• Collaborate with peers from other states to share ideas and solutions on major strategies within their Perkins V state plans, with a focus on quality, equity, data, systems alignment and career advisement;
  • Work with their state team to review and strengthen their Perkins V plans based on input from national experts, peers and in-state stakeholder engagement; and
  • Leave with clear next steps for strengthening their Perkins V state plans to advance a statewide vision for CTE that is innovative, bold and prioritizes quality and equity.

At each meeting, states had the chance to present on their draft plans and strategies and get direct, actionable feedback from their peers and the invited partners. State leaders dug in deeply on issues including improving the quality of CTE programs/programs of study, closing equity gaps, leveraging the Comprehensive Local Needs Assessment to drive local innovation and learner-focused programming, aligning CTE and workforce development, and meaningful engagement of key stakeholders, such as Tribal communities and employers.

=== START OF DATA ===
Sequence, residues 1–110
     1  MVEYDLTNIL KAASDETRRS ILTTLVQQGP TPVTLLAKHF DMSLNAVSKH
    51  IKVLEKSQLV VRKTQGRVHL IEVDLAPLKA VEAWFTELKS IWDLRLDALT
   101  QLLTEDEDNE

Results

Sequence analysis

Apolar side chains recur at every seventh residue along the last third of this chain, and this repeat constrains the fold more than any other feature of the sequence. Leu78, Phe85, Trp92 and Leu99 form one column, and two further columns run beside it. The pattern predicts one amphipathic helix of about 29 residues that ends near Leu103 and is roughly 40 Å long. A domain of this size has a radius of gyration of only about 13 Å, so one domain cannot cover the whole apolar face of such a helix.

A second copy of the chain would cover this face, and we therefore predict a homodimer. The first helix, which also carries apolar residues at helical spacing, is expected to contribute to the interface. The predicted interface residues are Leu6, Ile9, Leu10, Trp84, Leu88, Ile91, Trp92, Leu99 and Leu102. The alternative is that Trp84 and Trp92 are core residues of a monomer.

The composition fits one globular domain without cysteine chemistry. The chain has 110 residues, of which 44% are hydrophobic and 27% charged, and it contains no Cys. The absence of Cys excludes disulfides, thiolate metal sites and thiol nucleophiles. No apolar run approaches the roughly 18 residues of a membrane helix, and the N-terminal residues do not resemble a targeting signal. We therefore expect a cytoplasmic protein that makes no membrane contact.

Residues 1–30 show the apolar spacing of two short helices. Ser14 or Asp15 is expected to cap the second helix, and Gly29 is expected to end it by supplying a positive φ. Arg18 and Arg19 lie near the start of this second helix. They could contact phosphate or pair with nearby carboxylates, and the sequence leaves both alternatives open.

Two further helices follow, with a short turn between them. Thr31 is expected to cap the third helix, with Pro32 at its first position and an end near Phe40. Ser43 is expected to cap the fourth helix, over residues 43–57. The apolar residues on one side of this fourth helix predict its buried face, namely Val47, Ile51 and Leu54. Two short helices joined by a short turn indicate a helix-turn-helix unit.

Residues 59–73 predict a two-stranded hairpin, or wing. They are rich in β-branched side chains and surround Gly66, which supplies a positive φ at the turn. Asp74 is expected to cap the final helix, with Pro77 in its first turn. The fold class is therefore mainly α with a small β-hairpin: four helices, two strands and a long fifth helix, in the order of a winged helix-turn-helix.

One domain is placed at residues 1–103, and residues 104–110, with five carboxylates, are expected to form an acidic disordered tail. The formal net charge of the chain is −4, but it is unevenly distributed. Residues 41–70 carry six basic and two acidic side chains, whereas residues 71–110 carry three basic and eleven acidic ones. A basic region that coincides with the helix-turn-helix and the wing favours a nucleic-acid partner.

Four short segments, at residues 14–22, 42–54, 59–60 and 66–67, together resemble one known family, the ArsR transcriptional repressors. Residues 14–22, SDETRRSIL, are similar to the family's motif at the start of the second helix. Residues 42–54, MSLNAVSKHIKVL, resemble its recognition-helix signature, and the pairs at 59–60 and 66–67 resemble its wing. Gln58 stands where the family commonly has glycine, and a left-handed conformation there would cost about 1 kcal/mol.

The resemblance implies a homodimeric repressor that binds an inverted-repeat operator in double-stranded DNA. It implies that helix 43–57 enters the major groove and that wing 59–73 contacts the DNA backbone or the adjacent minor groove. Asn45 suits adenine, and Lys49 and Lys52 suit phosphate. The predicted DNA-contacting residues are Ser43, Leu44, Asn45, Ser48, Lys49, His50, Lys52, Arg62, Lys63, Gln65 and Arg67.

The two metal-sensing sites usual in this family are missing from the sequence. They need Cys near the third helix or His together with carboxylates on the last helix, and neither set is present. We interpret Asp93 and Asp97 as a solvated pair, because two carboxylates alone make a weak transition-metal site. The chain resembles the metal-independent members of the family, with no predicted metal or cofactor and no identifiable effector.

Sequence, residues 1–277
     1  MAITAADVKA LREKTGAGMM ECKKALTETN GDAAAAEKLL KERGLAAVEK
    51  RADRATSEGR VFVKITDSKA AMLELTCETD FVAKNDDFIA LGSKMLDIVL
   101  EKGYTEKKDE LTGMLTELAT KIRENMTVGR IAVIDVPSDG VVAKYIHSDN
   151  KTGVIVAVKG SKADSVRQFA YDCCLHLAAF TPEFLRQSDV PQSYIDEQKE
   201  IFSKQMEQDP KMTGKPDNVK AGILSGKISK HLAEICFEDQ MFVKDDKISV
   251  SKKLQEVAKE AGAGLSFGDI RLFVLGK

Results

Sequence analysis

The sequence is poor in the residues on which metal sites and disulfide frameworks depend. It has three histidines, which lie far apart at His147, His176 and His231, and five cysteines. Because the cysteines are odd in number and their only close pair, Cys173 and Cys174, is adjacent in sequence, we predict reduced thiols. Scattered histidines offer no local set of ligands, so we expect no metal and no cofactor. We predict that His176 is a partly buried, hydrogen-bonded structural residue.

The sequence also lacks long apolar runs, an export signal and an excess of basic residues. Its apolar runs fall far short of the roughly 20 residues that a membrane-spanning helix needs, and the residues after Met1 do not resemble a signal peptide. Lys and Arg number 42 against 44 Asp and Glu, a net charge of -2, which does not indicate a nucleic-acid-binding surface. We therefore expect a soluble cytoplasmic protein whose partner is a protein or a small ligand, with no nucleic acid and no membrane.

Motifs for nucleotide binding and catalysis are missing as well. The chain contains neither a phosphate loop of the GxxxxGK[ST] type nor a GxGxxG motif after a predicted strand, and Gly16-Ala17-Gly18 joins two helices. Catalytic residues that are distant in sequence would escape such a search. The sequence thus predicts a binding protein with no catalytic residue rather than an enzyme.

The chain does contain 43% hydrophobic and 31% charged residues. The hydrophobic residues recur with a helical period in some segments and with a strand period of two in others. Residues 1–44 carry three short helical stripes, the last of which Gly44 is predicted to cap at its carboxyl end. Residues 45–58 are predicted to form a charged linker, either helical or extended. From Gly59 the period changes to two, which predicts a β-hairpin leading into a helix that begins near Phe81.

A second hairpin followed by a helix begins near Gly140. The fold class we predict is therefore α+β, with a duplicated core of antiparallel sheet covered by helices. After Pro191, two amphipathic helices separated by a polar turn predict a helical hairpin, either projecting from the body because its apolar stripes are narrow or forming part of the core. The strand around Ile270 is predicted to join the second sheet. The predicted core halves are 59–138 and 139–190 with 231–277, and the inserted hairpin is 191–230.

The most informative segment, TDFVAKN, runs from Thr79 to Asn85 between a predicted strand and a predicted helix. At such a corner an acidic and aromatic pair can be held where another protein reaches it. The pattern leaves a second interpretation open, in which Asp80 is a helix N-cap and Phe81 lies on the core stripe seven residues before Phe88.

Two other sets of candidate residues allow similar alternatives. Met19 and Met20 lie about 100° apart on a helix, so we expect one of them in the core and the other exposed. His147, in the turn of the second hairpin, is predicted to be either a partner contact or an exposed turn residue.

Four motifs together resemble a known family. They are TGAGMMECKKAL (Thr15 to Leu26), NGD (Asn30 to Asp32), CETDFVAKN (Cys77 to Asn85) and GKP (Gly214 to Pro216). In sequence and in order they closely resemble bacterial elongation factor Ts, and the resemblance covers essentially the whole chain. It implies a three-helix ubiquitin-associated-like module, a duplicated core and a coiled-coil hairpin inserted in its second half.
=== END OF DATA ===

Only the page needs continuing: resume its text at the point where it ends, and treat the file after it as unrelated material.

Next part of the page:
It was truly inspiring to learn so much from states, see how BOLD they were willing to be and have the opportunity to give real-time input into states’ Perkins V plans!

Kate Kreamer, Deputy Executive Director

*Photos courtesy of Bob Witchger

Maryland Welcomes Tiara Booker-Dwyer to Helm State CTE System

October 28th, 2019

Beginning her career as a researcher in neuroscience at Johns Hopkins University, Tiara Booker-Dwyer, Maryland’s new State CTE Director, has since built a remarkable career around improving educational success for learners in Maryland.

While at Hopkins, Tiara developed a passion for teaching and later went on to work at the middle school and high school levels. Leveraging her experience as a science teacher, Tiara continued supporting students through the Maryland Department of Education, where she led efforts to promote STEM under the Race to the Top initiative. While at the Department, she also served as the Executive Director for the Office of Leadership Development and School Improvement, as well as the Department’s 2016-2017 Ombudsman. 

A dynamic leader, Tiara entered her new role with a bold vision for CTE in Maryland. Among her priorities is to use Perkins funds over the next year to build a more inclusive CTE culture in the state. In addition, Tiara and her team are focused on supporting school counselors, teacher development and special populations of students.